I started a Finnish language course when I arrived in Finland, and it was in fact very intensive in the beginning and was complemented by Finnish in my studies and at work. I remember that, for the entry exams, I was able to get the questions in English, but everything after that was in Finnish. I didn’t realise it at the time, but a professor of mine did me a huge favour by insisting, at the beginning of my studies, that I take a physics exam in Finnish.
Of course, the translator job also taught me a great deal, and it took me to a lot of places I wouldn’t normally go to and taught me about the Finnish society. I learnt about how the society functions and about the culture, which is an extremely important complement to language studies.
See, in my view, language is a door into whole new cultures and worlds. More generally, I think learning a language should be seen as an enabler instead of an obstacle.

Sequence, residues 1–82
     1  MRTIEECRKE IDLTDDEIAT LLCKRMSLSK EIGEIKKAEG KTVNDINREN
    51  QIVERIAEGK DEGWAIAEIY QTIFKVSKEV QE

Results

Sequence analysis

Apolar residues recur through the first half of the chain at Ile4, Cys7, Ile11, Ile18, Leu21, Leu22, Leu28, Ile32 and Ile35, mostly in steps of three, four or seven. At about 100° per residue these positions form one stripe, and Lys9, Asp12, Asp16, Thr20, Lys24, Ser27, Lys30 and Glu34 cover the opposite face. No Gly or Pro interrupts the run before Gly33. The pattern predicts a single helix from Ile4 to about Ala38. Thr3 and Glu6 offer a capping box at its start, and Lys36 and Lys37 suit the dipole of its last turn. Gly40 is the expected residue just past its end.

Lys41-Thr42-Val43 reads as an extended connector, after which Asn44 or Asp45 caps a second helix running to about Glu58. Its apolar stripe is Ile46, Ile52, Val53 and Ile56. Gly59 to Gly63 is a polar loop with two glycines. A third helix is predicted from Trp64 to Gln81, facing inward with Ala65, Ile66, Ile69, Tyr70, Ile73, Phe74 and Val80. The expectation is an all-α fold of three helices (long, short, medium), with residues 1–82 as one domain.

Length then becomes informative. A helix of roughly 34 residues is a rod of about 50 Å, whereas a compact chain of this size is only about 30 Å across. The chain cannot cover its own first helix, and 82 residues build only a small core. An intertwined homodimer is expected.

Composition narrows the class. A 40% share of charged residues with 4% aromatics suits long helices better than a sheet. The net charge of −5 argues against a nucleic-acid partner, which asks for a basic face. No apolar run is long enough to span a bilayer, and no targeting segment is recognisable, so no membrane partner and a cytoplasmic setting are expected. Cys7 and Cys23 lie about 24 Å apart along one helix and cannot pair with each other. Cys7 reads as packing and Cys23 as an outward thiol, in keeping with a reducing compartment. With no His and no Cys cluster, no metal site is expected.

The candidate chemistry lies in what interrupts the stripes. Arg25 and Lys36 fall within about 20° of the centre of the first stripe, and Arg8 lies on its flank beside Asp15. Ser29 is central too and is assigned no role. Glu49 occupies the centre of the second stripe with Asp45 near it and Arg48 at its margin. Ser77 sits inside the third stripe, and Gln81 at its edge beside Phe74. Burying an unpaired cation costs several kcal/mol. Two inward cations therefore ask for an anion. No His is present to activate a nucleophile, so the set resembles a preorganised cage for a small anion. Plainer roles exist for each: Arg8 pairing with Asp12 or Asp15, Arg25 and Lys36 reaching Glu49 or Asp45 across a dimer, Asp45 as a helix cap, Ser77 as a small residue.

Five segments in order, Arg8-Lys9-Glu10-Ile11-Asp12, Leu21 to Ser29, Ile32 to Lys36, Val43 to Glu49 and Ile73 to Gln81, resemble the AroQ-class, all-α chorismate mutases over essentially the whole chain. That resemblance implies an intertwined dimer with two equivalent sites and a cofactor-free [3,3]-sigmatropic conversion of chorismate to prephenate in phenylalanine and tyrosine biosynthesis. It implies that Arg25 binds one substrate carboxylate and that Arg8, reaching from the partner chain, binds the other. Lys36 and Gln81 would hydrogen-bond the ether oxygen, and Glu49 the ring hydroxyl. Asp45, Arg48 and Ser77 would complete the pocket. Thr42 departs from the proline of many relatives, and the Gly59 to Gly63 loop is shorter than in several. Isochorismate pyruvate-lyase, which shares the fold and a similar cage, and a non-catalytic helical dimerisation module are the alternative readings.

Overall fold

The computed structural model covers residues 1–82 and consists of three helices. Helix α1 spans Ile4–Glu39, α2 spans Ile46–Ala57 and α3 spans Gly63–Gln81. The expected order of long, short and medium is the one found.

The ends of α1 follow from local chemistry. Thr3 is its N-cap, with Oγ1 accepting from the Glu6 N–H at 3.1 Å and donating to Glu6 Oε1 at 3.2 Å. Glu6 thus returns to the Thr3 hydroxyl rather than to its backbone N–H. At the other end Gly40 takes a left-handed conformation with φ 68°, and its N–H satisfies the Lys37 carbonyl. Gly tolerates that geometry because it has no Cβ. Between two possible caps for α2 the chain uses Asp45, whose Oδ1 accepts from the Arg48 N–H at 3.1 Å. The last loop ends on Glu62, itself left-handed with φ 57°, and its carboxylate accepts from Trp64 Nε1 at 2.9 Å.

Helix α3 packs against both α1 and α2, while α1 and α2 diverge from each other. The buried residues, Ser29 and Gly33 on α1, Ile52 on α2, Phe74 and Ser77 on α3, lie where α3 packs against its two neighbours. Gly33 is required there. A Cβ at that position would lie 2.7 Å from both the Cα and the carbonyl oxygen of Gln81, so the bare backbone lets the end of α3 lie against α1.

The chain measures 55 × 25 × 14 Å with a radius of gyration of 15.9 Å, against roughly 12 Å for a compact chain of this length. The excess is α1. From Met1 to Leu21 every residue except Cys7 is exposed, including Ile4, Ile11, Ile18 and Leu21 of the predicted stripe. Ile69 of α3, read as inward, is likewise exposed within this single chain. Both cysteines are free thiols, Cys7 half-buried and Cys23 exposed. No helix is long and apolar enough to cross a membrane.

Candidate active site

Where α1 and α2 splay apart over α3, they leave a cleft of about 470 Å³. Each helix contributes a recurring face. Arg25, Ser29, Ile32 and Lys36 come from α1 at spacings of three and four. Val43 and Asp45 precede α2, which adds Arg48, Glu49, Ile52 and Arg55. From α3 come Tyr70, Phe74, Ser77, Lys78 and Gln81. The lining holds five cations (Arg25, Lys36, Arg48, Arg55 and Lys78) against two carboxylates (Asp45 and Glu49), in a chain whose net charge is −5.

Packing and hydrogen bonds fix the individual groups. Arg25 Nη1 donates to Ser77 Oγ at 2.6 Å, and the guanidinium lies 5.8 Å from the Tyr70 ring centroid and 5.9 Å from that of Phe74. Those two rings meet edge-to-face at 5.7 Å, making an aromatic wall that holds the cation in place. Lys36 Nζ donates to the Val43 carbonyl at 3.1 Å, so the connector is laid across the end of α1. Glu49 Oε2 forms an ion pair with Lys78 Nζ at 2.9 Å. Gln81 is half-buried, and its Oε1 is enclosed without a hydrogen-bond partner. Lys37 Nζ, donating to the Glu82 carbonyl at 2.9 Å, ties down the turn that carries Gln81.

Seems like you didn’t have that much free time beside your studies. What pushed you onwards?
I was very convinced that it was what I wanted to do. There was no alternative. I left Iran and was in Finland for a reason. I was totally focused on studying and getting a wage to live on. I didn’t really concentrate on much else. I wasn’t able to hang out at clubs on weekends; every markka I had was earned to let me focus on my dream of graduating with a degree.
Little things also mattered a lot: in fact I still reward myself with coffee and pulla [Finnish cinnamon bun], like I did after a successful exam back in the day.
When you started your master’s thesis research, you also went to work for Nokia and stumbled upon the heyday of the former mobile system and phone market leader. What did you work on and how did you experience the era at the company?
I got into the company in the beginning of the GSM boom in 1995 as an R&D method and tools engineer. The Finnish economy was going through a serious downturn and the Soviet Union had just disintegrated. Nokia was, at the time, all about fixed networks, but the mobile systems were already gaining ground which the company quickly took up in its strategy. Looking back, the shift happened at a very fast pace.